Miami flooding

Miami Herald archives

Florida is sending $25 million to South Florida to buy out homeowners ready to surrender to hurricanes and rising seas.

On Tuesday, the Florida Department of Economic Opportunity awarded $44 million in Hurricane Irma relief money to cities and counties around the state to purchase vulnerable property in an attempt to cut the cost of future damage. In South Florida, Monroe County will receive the lion’s share - $15 million - with another $5 million going to Marathon, about $4.5 million to Miami-Dade County and just over $200,000 to the Village of Islamorada.

Miami Herald archives

In his new book, "The Geography of Risk: Epic Storms, Rising Seas, and the Cost of America's Coast," Pulitzer-prize winning author Gilbert Gaul takes a look at the U.S. history of coastal development since World War II - and finds a recipe for disaster.

Vaguely Artistic / Flickr/Creative Commons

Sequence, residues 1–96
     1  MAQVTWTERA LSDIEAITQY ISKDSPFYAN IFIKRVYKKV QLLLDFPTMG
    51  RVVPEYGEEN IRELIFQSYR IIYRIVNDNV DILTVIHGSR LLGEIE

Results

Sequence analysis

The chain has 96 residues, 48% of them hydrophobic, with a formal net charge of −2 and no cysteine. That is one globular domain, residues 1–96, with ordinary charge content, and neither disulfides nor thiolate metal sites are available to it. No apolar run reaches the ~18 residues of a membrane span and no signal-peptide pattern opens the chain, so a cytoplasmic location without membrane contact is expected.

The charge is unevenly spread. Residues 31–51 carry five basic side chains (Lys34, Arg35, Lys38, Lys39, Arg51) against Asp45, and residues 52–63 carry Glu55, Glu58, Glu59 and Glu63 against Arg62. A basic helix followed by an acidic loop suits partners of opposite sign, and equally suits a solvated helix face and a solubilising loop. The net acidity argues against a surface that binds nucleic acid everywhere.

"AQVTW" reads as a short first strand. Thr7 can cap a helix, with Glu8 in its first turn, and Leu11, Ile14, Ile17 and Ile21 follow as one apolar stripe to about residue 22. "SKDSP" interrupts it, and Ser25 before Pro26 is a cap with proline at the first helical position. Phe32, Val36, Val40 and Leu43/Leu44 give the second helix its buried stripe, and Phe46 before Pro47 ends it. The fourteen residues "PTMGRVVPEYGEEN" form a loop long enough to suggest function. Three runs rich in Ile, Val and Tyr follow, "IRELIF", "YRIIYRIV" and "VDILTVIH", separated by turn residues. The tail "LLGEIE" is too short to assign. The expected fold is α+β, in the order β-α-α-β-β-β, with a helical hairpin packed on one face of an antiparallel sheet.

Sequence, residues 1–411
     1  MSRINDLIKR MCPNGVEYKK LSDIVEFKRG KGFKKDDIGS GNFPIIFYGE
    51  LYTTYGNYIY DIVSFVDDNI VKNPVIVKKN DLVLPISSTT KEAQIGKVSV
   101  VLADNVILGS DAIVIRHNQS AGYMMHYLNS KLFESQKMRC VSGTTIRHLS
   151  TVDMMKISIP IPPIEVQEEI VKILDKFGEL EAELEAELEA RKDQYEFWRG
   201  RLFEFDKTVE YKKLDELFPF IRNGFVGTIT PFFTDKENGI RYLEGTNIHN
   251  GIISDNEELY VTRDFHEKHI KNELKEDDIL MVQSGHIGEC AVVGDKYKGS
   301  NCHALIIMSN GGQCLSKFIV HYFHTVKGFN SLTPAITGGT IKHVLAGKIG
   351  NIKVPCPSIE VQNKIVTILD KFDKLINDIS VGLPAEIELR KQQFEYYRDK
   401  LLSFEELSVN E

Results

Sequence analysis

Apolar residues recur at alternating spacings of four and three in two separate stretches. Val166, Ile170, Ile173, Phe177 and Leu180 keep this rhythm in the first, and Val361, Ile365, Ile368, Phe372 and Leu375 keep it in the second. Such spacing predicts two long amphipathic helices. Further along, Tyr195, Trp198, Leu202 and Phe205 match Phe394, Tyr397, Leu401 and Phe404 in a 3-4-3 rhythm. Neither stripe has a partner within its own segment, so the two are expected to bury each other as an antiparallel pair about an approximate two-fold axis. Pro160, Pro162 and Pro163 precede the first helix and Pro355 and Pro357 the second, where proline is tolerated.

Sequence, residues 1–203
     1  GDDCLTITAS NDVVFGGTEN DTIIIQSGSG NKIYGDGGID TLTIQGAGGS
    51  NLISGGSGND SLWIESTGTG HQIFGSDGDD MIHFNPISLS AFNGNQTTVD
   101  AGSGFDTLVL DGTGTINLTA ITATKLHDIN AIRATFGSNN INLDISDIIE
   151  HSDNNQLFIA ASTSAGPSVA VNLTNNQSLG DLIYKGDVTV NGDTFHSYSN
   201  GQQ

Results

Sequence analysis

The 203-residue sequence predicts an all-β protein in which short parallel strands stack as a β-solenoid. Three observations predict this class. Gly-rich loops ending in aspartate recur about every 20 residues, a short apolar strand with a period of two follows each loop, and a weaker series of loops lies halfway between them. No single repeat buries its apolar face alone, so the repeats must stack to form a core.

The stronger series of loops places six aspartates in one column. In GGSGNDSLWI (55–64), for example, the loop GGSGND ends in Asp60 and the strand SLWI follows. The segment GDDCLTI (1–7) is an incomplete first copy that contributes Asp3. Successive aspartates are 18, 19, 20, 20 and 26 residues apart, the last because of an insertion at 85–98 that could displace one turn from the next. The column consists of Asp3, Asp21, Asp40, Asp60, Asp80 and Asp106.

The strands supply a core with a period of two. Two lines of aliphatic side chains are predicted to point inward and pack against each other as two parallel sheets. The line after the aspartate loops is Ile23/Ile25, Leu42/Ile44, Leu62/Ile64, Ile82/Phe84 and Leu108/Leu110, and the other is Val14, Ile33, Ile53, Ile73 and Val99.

Early voting is underway in Miami, Miami Beach, Hialeah and Homestead.

Voters in Miami and Miami Beach are deciding the fate of borrowing and booze. Miami wants to borrow hundreds of millions of dollars for the environment and other items. Miami Beach will decide if there should be an earlier last call for alcohol on a stretch of Ocean Drive for outdoor bars.

Courtesy of @robertsonadams

More than five inches of rain combined with rising tide left parts of South Florida under water this Tuesday evening, as the region dealt with the last remains of tropical depression Emily. 

Nickolay Lamm / StorageFront.com

Current climate change and sea level rise models indicate a very grim -- and water-logged -- future for South Florida and Miami in particular. But new imagery from researcher/artist Nickolay Lamm paints an almost hypnotic picture of these proposed realties for American cities like Miami, Boston, Washington D.C., and New York.

maxstrz / Flickr Creative Commons

If sea level rise continues unabated, sections of South Florida -- and Miami in particular -- will be under water in a matter of decades. But a new study suggests that swift reductions in "short-lived climate pollutants" and carbon dioxide levels could help to slow the rise.